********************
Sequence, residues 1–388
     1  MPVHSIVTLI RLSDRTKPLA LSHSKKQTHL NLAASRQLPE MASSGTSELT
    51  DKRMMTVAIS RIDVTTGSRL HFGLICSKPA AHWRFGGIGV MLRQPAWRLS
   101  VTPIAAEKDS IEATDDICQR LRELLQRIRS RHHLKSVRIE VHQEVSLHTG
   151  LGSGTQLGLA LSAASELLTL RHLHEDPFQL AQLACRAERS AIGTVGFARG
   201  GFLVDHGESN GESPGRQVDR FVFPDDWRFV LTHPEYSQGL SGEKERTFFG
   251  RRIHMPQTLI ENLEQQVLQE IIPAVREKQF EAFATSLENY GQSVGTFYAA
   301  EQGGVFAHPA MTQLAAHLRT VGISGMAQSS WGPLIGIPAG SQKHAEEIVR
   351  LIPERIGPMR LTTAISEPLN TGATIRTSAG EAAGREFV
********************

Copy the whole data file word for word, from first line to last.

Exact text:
Sequence, residues 1–388
     1  MPVHSIVTLI RLSDRTKPLA LSHSKKQTHL NLAASRQLPE MASSGTSELT
    51  DKRMMTVAIS RIDVTTGSRL HFGLICSKPA AHWRFGGIGV MLRQPAWRLS
   101  VTPIAAEKDS IEATDDICQR LRELLQRIRS RHHLKSVRIE VHQEVSLHTG
   151  LGSGTQLGLA LSAASELLTL RHLHEDPFQL AQLACRAERS AIGTVGFARG
   201  GFLVDHGESN GESPGRQVDR FVFPDDWRFV LTHPEYSQGL SGEKERTFFG
   251  RRIHMPQTLI ENLEQQVLQE IIPAVREKQF EAFATSLENY GQSVGTFYAA
   301  EQGGVFAHPA MTQLAAHLRT VGISGMAQSS WGPLIGIPAG SQKHAEEIVR
   351  LIPERIGPMR LTTAISEPLN TGATIRTSAG EAAGREFV